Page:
Saturday, 21 June 2014


There are days when I feel an urgent need to write. I don’t feel that I can wait until the usual 9pm, when the children are asleep and everything else that one household needs has been done, washed, eaten, tidied away or thrown out (not necessarily in that order). I feel an emotion rising up that needs urgent expression or I might implode, right here in the kitchen, while trying to heat up a jar of baby food (oops – I meant to say while pureeing the organic baby food I have personally prepared from scratch!)

I am a mother, and a writer. I am very lucky in that I don’t have to be a mother, a writer and an office manager / recruitment consultant / doctor / teacher / cleaner. There are many women out there who have to juggle everything I have to juggle, with a full time job on top (I’m referring to the full time job of the paid variety – not the unpaid service us full time mothers are usually providing in the home). So I have nothing to resent and nothing to complain about. And yet, those days - they make me feel on edge, like I will miss out on something irreplaceable if I don’t find a way to let my children entertain themselves for just half an hour while mummy writes. It’s got to be half an hour sandwiched between putting the laundry in, putting out snacks or meals, helping Ana to colour in her Peppa Pig book or changing Sacha’s nappy. It can be frustrating, it can be hard, sometimes I have to just pencil a certain sentence on a random piece of paper in the hope that this sentence will later on jog my memory and re-ignite this sense of overwhelming inspiration.

This is something that I am sure isn’t unique to me, but happens to all writers (not even necessarily just women) who have children or other day time occupations. So what do these other writers do? What is the solution to this? Us mothers are used to putting off even urgent needs of our own, like sleep, or somehow combining it with the needs of our children (my need to go to the toilet combined with my children’s need to be by my side at almost all times have often led to the three of us being in the toilet together, sometimes with them actually on my lap). But writing is different. Writing takes time. I am a fast typist but even I can’t dish out a play in between putting Ana on the potty and stopping Sacha from chewing the TV cables.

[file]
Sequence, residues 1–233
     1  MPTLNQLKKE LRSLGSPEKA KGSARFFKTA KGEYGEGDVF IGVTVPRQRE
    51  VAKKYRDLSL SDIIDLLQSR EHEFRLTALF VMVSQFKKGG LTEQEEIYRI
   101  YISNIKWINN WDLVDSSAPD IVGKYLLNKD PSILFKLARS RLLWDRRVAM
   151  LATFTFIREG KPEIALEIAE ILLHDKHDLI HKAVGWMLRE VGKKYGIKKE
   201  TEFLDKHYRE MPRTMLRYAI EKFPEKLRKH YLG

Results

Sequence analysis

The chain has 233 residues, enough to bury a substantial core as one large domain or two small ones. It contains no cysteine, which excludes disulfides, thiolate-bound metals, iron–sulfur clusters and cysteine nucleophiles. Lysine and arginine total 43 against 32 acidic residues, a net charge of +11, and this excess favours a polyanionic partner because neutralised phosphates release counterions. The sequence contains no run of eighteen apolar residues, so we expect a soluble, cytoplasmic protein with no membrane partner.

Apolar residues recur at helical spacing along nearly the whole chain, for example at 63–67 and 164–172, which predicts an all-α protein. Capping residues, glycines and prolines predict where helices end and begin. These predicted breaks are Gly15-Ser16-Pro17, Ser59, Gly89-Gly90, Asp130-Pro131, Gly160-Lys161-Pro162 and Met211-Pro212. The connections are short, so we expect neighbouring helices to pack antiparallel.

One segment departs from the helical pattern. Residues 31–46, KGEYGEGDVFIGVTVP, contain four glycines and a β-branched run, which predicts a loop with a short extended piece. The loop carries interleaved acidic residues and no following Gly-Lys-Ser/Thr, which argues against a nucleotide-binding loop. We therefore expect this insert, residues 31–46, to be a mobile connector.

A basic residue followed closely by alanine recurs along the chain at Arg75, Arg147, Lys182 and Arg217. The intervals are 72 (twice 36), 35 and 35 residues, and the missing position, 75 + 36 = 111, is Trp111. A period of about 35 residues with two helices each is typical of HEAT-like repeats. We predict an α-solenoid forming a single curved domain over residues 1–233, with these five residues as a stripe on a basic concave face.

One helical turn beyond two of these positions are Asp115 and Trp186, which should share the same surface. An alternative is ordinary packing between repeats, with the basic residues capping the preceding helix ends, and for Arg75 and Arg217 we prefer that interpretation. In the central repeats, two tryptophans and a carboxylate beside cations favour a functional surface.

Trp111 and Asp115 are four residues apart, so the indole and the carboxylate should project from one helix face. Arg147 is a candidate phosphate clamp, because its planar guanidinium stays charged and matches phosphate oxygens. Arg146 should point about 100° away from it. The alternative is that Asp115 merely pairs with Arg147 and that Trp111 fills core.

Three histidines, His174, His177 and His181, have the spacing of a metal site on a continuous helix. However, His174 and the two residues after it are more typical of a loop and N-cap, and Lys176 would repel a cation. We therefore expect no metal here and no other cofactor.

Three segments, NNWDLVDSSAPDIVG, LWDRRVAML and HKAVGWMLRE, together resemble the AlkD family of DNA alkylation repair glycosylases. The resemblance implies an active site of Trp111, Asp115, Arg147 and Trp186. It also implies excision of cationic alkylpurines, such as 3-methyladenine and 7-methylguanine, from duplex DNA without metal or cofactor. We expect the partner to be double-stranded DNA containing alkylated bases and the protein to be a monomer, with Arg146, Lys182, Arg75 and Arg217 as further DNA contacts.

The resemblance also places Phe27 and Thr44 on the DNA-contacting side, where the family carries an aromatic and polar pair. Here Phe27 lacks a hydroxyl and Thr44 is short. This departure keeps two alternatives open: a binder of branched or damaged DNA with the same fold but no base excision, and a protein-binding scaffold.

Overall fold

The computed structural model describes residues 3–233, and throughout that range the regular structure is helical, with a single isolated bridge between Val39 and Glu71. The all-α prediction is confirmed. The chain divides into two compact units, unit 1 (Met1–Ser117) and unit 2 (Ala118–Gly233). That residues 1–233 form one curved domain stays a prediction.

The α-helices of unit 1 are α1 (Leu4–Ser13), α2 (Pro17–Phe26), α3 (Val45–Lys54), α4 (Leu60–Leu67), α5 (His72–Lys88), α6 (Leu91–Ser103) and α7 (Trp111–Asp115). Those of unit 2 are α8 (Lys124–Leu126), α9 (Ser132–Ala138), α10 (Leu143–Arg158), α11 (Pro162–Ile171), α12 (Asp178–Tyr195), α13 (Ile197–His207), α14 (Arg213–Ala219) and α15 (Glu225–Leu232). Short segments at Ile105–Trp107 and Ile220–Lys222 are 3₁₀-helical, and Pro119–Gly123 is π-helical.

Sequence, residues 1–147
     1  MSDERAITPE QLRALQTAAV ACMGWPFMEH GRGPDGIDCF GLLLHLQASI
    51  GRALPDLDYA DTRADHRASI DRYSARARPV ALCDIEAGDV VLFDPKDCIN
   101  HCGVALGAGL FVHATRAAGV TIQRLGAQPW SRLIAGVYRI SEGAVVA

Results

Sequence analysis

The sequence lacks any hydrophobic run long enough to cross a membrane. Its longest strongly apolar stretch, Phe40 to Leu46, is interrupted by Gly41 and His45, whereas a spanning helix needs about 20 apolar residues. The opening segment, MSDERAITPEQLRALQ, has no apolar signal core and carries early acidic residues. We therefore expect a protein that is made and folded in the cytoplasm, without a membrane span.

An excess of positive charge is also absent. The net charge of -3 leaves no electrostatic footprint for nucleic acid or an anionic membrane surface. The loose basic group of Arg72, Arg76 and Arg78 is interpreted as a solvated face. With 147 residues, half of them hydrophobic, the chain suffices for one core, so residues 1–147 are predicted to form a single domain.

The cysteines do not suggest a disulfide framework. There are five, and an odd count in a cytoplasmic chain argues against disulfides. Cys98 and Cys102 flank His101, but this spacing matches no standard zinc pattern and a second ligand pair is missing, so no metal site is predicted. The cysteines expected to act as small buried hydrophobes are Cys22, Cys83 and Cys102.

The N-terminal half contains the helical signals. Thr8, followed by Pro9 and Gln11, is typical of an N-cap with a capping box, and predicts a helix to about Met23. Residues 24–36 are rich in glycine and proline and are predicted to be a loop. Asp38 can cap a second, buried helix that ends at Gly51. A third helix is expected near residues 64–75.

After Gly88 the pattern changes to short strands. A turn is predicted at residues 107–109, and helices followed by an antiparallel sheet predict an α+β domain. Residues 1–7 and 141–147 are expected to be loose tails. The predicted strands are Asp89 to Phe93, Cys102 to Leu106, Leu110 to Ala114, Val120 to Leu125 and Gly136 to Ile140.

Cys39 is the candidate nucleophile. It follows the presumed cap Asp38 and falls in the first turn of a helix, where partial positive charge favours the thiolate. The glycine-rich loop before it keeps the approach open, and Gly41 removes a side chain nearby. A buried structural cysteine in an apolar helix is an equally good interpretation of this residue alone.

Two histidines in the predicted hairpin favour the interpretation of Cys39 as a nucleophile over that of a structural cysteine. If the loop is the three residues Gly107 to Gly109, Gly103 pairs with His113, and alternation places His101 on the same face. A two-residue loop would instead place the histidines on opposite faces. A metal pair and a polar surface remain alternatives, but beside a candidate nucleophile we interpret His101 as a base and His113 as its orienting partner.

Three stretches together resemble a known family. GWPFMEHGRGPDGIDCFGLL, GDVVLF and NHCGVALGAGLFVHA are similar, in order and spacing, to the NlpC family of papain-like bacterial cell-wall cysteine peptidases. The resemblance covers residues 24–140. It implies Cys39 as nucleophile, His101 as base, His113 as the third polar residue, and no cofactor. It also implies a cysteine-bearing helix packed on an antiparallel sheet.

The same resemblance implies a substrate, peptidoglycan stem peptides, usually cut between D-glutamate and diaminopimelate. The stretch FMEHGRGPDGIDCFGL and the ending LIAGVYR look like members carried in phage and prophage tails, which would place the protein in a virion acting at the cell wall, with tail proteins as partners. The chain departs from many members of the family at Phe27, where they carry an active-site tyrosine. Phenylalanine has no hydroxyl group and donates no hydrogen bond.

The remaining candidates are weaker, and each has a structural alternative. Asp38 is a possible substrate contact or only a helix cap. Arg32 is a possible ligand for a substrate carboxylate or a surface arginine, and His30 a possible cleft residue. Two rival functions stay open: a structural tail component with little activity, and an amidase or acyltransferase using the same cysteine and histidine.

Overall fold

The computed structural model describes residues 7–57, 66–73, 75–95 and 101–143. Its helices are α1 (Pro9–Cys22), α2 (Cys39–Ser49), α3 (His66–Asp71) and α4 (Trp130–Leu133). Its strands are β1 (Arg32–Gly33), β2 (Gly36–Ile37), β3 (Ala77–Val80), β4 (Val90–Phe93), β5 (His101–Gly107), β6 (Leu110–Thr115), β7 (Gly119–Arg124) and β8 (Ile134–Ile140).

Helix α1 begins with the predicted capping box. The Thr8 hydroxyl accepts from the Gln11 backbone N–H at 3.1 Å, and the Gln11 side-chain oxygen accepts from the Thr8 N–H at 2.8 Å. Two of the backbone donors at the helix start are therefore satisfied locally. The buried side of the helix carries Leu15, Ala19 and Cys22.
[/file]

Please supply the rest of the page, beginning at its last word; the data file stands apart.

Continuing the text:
I often find that by the time the evening comes, I have lost my wind. Or worse still, once the children have mercifully gone to bed at last, my brain requires – no, demands ­­– a transition period, a time to switch from mothering to creativity, and this usually takes the shape of some fairly mindless, frivolous entertainment –Mumsnet, Facebook, a chapter of a book I’m reading, an hour’s programme on the TV. It may be 9.30 or even 10pm by the time my brain has managed to leave the day behind and is now ready to immerse itself in work of a different kind – the words, the images and emotions which both result from and give birth to writing. But by that time, there is not a great deal of time left for it. I’d like to stay up and write all night, but who will look after Ana & Sacha in the morning, if I’m too zombified to do it? And so sometimes I don’t even start – I stay in the transition stage, in the easy entertainment phase, often going to bed with a mind that is just then properly waking up, full of frustration and regrets that another 24 hours have to pass before I have that space and that time again.

It is in moments like those that I make most of my resolutions – that I will start to write early in the morning, or that I will close my Facebook account (but then I’d just log into my husband’s, I’m sure!), that I will disconnect the WiFi, that I will hack into Mumsnet and wipe their website clean, that I will burn the TV, that I will use all my books as scrap paper for Ana and Sacha.

There is no easy solution. I have to remember to be disciplined in those hours which are my own, and to be mindful of the present moment, to never waste it, as once it’s gone it is gone forever. Being there for my children and being there for myself as a writer is a never-ending quest for balance, for fairness (children come first, but I cannot completely neglect my own needs either), for magic (to somehow do it all). Like all quests, it will take a life-time to complete and we will only learn if the story had a happy ending once we come to the end of it. 

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